A roundup of today’s big stories in hyperlocal content, commerce, and technology.
Fab’s Newest Distribution Channel: LivingSocial (The Wall Street Journal)
Designer e-commerce company Fab today is beginning to sell “gifts” through LivingSocial’s website and marketing channels. Fab will feature 50 of its “top picks” from its Holiday Shops in LivingSocial’s gift guide. LivingSocial, with 24 million U.S. members by email and on the site, promotes the gifts through its channels.
The Shrewd Shopper Carries a Smartphone (The New York Times)
Retailers are trying to lure shoppers away from the Internet, where they have increasingly been shopping to avoid Black Friday madness, and back to the stores. The bait is technological tools that will make shopping on the busiest day of the year a little more sane — and give shoppers an edge over their competition.
Why Passbook Could Join Ping in the Apple Graveyard (GigaOm)
Apple’s Passbook joins the mobile payments gold rush. But Jeff Fagel, of edo Interactive, has doubts about its viability and says until we see a system that’s easier for everyone, plastic will remain king.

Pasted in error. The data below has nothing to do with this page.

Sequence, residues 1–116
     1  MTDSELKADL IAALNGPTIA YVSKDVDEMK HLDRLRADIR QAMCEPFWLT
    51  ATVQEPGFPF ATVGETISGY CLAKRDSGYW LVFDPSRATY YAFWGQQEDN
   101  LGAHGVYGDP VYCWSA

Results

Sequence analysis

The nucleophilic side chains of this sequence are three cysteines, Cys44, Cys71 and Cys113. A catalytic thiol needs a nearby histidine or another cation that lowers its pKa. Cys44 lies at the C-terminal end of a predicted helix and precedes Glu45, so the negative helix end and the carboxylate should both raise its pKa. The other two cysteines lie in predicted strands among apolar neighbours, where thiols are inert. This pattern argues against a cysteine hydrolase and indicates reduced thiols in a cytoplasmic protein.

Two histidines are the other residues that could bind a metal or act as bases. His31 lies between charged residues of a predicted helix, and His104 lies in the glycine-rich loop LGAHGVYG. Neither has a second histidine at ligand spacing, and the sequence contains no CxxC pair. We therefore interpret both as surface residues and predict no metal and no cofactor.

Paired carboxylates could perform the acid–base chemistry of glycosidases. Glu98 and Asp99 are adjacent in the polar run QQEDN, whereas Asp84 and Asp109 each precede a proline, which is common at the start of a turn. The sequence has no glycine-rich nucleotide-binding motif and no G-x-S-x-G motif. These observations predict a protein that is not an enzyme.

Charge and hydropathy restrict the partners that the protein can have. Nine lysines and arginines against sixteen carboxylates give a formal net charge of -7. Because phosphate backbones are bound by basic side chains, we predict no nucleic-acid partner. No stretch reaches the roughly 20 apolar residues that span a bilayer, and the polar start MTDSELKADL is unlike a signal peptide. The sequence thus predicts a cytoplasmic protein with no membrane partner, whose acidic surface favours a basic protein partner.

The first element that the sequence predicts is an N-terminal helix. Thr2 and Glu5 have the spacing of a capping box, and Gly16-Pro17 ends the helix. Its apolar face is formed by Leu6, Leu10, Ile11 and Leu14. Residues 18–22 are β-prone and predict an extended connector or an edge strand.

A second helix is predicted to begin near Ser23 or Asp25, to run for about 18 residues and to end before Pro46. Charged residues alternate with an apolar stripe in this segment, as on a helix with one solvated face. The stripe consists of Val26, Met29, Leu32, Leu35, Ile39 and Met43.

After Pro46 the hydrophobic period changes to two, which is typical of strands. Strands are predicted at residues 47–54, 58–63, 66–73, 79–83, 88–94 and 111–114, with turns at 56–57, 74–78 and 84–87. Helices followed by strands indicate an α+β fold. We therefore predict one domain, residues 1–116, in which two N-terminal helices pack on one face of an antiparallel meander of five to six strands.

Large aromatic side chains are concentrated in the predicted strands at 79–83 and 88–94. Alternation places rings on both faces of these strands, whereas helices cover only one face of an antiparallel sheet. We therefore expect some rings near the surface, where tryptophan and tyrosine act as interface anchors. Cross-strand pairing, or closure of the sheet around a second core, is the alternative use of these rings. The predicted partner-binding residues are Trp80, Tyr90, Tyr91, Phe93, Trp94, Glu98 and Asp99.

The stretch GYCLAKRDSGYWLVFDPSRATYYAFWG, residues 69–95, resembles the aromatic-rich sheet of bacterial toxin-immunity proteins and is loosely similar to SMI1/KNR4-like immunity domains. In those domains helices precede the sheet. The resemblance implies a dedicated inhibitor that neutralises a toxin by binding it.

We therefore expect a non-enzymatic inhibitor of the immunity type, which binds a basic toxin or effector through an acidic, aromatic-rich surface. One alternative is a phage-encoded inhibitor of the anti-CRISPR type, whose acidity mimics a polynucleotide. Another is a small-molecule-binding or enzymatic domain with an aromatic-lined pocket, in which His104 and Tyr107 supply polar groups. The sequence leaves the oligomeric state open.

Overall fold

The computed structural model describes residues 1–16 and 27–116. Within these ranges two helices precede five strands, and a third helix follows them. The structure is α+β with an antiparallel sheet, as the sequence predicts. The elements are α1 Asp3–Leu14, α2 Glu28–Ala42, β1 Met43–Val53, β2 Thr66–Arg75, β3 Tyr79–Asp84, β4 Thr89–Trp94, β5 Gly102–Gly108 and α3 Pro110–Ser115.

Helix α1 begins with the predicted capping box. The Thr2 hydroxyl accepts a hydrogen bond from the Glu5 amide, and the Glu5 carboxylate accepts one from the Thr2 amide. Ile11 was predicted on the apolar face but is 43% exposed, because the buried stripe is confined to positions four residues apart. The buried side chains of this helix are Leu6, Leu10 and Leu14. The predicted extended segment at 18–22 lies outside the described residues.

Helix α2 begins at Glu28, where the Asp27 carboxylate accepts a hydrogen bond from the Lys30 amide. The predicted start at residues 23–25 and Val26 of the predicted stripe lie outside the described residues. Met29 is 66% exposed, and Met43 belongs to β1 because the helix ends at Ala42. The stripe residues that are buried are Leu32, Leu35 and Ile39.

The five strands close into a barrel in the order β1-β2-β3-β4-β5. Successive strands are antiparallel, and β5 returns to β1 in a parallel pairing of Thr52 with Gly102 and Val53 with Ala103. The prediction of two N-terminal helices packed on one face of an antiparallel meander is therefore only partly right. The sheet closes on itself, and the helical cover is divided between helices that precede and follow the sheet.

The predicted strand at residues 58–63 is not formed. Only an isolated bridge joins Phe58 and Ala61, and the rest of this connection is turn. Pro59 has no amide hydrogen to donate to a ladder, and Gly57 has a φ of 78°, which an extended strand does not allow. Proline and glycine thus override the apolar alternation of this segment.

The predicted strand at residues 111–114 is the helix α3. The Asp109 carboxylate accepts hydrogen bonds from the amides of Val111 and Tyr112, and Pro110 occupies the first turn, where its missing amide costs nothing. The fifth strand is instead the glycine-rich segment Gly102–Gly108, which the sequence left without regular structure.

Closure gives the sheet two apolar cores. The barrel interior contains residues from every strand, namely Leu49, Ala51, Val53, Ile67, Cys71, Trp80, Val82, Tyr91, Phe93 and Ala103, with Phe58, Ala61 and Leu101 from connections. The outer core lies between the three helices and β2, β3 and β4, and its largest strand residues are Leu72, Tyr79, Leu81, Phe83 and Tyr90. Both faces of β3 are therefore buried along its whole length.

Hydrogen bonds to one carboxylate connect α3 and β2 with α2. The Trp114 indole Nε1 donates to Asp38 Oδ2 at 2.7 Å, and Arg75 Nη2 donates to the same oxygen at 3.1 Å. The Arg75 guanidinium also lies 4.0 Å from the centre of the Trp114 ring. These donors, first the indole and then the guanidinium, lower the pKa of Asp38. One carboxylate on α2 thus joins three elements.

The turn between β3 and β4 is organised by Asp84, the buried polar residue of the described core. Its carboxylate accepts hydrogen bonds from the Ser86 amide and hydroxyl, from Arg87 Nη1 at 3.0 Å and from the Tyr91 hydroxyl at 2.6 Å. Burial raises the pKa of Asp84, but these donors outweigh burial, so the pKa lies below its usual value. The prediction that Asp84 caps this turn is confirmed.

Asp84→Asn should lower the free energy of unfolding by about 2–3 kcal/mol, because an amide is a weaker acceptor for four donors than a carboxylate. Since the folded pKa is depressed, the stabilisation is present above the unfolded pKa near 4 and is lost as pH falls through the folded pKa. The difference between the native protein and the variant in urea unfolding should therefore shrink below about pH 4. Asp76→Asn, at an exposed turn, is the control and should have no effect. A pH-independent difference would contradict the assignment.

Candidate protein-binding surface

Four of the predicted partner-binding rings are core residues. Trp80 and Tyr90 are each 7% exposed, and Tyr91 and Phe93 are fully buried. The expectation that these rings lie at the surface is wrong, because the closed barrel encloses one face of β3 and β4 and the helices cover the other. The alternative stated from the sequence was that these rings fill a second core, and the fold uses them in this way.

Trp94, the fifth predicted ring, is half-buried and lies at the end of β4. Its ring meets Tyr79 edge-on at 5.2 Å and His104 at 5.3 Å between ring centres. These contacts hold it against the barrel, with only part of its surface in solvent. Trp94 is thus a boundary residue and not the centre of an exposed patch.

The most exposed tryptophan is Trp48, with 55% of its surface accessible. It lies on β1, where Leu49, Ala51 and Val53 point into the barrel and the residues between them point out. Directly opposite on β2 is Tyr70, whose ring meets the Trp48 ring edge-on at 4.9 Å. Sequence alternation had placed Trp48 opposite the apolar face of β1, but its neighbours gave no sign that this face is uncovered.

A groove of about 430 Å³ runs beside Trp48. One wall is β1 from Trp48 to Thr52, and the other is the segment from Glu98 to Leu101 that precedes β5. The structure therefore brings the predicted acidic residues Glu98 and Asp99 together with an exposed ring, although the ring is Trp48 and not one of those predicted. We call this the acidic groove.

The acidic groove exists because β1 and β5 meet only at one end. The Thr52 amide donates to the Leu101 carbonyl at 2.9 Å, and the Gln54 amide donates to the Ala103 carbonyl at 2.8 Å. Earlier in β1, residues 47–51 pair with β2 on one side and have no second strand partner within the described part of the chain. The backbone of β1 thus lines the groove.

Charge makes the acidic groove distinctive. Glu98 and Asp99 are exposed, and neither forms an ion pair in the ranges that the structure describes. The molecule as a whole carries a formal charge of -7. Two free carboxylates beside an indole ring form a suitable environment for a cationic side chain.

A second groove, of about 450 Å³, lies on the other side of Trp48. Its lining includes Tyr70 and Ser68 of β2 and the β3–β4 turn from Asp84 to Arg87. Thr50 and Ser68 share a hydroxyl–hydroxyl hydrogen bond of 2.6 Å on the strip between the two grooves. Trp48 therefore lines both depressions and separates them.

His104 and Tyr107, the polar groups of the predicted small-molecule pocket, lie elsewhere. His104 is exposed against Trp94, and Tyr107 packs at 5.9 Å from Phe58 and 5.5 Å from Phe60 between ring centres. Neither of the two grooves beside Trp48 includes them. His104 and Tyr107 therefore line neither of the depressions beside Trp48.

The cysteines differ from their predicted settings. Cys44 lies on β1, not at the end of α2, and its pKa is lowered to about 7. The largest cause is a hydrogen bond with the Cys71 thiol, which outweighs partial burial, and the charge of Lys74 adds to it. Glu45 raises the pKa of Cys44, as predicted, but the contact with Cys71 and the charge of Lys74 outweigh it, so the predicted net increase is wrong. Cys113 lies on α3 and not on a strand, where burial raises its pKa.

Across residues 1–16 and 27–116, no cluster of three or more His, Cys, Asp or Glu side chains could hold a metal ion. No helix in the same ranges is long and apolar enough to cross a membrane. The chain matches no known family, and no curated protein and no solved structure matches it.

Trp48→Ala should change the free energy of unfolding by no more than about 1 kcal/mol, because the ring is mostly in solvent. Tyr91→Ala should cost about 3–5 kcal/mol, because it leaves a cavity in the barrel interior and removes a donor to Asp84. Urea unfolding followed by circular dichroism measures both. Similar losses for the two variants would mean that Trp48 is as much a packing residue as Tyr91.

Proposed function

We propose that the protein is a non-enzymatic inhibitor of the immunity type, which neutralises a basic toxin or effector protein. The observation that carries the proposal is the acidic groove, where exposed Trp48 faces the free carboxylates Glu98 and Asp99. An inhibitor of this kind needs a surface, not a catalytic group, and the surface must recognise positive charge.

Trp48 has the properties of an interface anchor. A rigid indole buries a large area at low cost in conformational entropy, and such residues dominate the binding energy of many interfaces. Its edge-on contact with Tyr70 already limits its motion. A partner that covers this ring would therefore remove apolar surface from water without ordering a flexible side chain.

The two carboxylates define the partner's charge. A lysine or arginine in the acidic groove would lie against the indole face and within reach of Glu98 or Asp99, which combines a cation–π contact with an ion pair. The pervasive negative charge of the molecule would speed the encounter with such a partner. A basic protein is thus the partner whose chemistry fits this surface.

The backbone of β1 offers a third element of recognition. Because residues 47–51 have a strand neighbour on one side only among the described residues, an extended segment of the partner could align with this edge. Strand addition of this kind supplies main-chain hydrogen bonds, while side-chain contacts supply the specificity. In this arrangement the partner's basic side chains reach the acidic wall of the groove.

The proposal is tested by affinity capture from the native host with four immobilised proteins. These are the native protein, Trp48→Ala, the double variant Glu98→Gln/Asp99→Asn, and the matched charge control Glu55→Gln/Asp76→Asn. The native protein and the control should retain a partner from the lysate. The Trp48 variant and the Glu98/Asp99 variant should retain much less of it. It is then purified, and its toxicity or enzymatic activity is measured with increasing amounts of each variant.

Can the Hedge Fund Dudes Save Groupon’s Stock? (AllThingsD)
Here’s something you haven’t seen in a while — Groupon shares rose more than 36 percent last week after Chase Coleman’s Tiger Global Management disclosed Monday that it had bought 65 million shares. Paul Tudor Jones of Tudor Investments also disclosed a small buy of 150,000 shares last week — as well another from George Soros’ Soros Fund Management, which recently disclosed it had bought 2.5 million shares of Groupon. It seems to be part of a hedge fund party at Groupon.
Is Foursquare’s Bubble About To Burst? (Forbes)
Patrick J. Sweeney II: Here’s a prediction: Foursquare will be the next highly-funded casualty in the social media sphere because they did not follow basic concepts of what I call maneuver marketing. Rather than be disruptive, the company is trying desperately to follow industry leaders instead of leading an industry. They are stuck in social media no man’s land that can teach every CEO a valuable lesson about social media.
Retailigence: Store Inventory Aids Mobile Search, Spurs Sales (BIA/Kelsey)
Building ecommerce, promotions, search, social and same day delivery services around store inventory is one of those high concept “local” concepts that always make so much sense but have been tough to build around. Retailigence, a three year old, Silicon Valley-based company backed by $4.3 Million from DFJ, Quest Venture Partners, and Dave McClure, stands out by taking an enterprise-oriented, B2B approach.